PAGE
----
But, this gets me thinking. If getting something that you do conciously, to become something you do subconciously, is it harder the other way around?
Immeasureable amounts of information are processed subconciously. Can we get something we do subconciously, to become something we do consciously?

I honestly have no idea.

Fantastic! Questions leading to more questions – surely this is the beginning of a healthy thinking habit.

Richard started searching ‘purple’ and got lost on the way through the wrong meaning of ‘shade’, coming across an article about ‘umbrellas used about a Bulgarian who was killied by a dose of ricin injected by a modified umbrella.’ to secret police, methods of torture and finally thought experiments and Schroedinger’s cat.

I only just realised that I was well and truly lost online, here I was reading about some wierd paradox that I have absolutely no IDEA how I ended up here. So I guess curiosity takes over the feeling of being lost online. This activity took over an hour, but it was totall worth it and I have learned a lot more about the world. Looking back on this task, I am amazed and perplexed how I started from a simple colour, purple, to a brain-frying paradox.
It must be so much more satisfying to receive a comment from your class mate than your teacher, wouldn’t you think?
On first impression, the chain of links that you followed seems rather strange, but when I read your reasoning , I felt that the process by which you got to Schrodinger’s Cat was perfectly logical and quite coherent, which surprised me as the human thought process can be quite difficult to comprehend at all. It is testament to your very well-written and highly enjoyable writing style that people will be able to read this article and connect with it.P.S. Nice one on the Schrodinger’s Cat paradox. Have you heard about Wigner’s Friend. Read it, you’ll find it quite interesting.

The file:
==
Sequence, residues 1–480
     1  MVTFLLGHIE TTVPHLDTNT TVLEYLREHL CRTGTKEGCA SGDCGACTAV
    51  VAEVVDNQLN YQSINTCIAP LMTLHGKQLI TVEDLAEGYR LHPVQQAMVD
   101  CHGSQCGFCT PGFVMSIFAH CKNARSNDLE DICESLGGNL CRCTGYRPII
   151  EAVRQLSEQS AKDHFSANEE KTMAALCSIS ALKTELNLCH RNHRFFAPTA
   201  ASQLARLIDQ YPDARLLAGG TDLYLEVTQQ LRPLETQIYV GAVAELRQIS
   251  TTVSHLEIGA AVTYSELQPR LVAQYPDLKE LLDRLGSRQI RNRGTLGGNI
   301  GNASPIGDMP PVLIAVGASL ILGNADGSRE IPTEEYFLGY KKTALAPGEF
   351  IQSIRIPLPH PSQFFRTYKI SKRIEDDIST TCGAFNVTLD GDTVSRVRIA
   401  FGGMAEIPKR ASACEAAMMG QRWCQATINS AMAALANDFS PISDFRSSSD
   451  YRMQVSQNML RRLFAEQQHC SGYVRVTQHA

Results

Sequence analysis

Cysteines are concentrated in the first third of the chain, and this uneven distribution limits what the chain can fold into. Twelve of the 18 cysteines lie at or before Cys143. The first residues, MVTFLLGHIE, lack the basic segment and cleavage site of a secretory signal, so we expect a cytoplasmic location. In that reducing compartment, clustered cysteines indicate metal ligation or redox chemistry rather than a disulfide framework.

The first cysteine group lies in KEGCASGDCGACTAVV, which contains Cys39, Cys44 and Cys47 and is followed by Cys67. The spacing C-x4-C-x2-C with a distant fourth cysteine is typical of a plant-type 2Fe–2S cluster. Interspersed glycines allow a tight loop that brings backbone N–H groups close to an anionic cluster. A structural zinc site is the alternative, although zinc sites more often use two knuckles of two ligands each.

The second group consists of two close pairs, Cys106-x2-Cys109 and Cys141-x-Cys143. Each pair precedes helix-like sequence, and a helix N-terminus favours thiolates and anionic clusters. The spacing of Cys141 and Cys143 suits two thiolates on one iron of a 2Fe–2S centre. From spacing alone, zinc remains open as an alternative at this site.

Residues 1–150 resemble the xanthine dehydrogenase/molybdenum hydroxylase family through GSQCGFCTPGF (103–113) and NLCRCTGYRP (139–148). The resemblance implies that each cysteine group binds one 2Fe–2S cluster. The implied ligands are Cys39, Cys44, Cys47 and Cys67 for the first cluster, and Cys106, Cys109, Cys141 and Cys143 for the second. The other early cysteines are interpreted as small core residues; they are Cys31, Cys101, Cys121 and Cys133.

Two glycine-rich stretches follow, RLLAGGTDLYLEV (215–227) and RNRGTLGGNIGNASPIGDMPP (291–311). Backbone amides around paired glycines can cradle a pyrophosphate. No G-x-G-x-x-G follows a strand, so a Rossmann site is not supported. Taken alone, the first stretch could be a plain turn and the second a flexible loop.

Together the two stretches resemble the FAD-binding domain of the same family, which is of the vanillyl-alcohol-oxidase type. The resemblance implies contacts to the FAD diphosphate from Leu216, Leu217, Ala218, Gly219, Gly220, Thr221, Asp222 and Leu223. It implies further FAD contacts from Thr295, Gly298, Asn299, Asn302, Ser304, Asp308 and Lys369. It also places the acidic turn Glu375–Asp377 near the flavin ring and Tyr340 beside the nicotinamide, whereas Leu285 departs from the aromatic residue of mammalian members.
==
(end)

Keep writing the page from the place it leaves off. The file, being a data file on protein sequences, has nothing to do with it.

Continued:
It’s clear when comparing first posts with those recently written that students have moved away from the kind of formal writing they consider appropriate for submission to their teacher. They’ve relaxed and become quite comfortable with writing using their own voice. They are no longer writing for the teacher in a prescriptive manner; they are writing for their peer audience, and also for their wider audience. Most of them are openly enjoying the writing task, despite the ‘weirdness’, and occasionally a student expresses criticism at what he perceives to be a meaningless task. We noticed definite cynicism expressed by a particular student recently, but, as Nick says, ‘the positive spin on …’s post is that he is thinking about his mind, and forming opinions about productive ways to use it.’
This is why we both feel the blogging experience has been valuable – students are thinking. They are thinking about the world, knowledge, themselves and about thinking itself. Their writing comes from real perceptions and is aimed at real people. And more than that, they’re sharing their thoughts with class mates and the wider world.